8. Methods • Intervention allocation was randomly assigned by month rather than by individual • Information about each partner was elicited from the index men at baseline and one-month using a audio computer-assisted self-administered interview (ACASI) • Genprobe urethral swabs were performed at baseline and PCR urine testing and/or Genprobe urethral swabs were performed at one month • Men were given $10-$40 for follow-up visits • IRB approval was obtained from Tulane, Office Of Public Health, the N. O. Health Dept. Research Review Committee and CDC

  9. Results • 887 men reported information on 1808 partners at baseline • Men were mostly: • African American (96.2%) • > 24 years of age (55.8%) • Had < high school education (78.1%) • Had > 2 partners (68.1%) • 97.7% of partners were women • Had dysuria/discharge at baseline (85.9%) • Baseline GenProbe test positive (N=760) • GC 61.6% • CT 19.6% • Either CT or GC 69.3% • CT and GC 6.1%

  10. Baseline characteristics by Arm *P < 0.05

  11. Outcomes • Of 887 men enrolled: • 84.1% completed a follow-up interview • 31.6% provided a follow-up STI test • Information was reported on 1313 partners at follow-up • Of 280 who provided follow-up STD tests: • 25.9% had CT or GC • 17.6% had CT • 12.4% had GC • 25% had symptoms at follow-up

  12. Outcomes • Of 1313 partnerships reported on at follow-up, index men reported that: • 55.8% of indexes talked to the partner about the STI • 58.9% of indexes gave the intervention to the partner • 44.9% of the partners took the medicine • 35.7% saw them take the medicine • 27.0% had unprotected sex before the partner took medicine • 51.6% used condoms all the time during follow-up • 36.8% re-initiated sex with the partner • 13.1% of index men acquired a new partner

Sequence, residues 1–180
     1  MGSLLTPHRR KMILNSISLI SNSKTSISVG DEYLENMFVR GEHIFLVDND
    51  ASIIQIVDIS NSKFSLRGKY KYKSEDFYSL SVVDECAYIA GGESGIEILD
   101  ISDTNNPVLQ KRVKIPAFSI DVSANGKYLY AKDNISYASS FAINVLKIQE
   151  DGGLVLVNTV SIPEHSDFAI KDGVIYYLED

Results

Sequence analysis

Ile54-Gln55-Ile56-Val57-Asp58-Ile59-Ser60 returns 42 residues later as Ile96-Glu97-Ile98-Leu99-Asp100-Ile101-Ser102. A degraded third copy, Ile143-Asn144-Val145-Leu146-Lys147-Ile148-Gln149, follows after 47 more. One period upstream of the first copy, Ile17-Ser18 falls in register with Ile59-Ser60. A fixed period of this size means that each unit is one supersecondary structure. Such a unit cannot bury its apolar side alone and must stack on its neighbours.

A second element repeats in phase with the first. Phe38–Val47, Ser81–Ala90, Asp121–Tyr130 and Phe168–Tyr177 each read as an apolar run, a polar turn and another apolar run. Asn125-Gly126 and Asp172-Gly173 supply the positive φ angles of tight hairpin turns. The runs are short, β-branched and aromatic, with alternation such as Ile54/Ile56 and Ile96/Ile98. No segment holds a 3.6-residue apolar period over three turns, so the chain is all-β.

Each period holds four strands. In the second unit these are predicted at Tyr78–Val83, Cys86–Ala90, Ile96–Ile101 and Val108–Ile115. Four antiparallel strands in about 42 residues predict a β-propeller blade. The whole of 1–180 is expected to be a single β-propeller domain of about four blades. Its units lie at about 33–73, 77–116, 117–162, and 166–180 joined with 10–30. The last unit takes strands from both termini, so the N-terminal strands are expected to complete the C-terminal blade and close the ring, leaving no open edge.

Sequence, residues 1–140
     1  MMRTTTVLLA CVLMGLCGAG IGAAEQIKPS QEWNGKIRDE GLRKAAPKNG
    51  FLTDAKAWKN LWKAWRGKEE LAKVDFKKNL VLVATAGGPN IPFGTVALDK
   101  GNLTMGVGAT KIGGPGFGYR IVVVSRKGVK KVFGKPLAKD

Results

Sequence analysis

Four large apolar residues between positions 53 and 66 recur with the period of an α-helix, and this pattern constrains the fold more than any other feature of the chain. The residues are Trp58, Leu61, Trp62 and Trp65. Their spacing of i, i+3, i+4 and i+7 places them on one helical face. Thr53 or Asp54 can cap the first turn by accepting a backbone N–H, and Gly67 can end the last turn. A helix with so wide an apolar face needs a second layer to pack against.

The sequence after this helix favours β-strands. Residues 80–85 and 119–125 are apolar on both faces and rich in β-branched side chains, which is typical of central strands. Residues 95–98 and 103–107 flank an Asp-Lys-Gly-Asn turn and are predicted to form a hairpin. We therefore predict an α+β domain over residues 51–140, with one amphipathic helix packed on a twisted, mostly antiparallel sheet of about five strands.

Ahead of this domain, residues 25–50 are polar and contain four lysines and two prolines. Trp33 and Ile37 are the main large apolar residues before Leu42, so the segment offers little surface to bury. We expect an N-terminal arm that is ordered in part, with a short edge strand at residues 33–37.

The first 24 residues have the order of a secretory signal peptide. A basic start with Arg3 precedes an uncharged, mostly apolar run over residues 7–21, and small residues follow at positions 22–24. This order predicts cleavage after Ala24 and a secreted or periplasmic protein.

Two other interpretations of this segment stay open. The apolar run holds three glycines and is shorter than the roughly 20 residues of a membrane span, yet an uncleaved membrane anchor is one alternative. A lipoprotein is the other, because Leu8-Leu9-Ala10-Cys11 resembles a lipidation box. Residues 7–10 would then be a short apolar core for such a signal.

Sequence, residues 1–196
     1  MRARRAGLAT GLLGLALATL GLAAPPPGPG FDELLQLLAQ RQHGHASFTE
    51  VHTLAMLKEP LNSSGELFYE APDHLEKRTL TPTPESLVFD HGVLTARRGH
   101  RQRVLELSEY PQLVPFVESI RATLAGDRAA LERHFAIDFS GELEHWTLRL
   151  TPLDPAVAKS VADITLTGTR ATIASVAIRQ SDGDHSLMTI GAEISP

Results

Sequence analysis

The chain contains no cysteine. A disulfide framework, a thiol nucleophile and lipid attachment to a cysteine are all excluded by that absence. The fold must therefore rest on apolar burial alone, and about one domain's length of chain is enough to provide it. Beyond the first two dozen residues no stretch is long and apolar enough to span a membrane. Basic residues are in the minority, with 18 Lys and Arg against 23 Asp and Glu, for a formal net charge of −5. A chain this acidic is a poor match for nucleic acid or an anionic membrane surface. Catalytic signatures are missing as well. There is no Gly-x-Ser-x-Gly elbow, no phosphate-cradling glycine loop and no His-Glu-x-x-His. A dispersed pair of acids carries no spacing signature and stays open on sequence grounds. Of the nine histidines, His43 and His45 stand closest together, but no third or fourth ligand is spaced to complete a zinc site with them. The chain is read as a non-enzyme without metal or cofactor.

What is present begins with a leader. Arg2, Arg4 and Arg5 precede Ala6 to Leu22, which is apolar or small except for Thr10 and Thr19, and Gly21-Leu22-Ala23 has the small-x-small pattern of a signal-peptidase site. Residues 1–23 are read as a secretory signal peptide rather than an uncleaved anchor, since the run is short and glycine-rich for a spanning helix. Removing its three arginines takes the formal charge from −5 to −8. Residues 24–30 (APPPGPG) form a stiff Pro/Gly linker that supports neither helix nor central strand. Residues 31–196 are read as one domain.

13. PDPM vs. PR, P< 0.001 for both

  14. PDPM vs. PR, P< 0.001 for all

  15. P> 0.05 for both

  16. Characteristics associated with index report of partner taking medicine (N=1313) * P < 0.05, **P < 0.001

  17. Multivariable GEE results of factors associated with index report of partner taking medicine (N=1313) * P < 0.05, **P < 0.001

  18. Characteristics associated with a CT or GC positive urine test at one-month follow-up (N=280) * P < 0.05, **P < 0.001

  19. Discussion • Randomization worked well • Very large sample size • No partner side effects were reported • PDPM consistently better than PR for all outcomes • Biological outcome: while we had high follow-up rates for interviews, many men refused to give urine specimens. But those who gave urines were similar to those who did not

  20. Characteristics of those followed and those who gave urine • Those who were LTF (n=138) were more likely than those who were followed (n=729) to be: • < 24 years of age (54.3% vs. 41.9%, P < 0.01) • to have > 2 partners (74.6% vs. 66.8%, P < 0.07) • They were similar by race, education and symptoms at baseline • Among those who were followed, those who gave a urine test (n=213) were similar to those who did not (n=516) by race, education, age, symptoms at baseline and number of partners

  21. Conclusion • In men, PDPM was better than both BR and PR in treatment of partners and for the prevention of recurrence of CT or GC.

  22. Implications: • PDPM and BR can be useful public health interventions to prevent the spread STDs among men.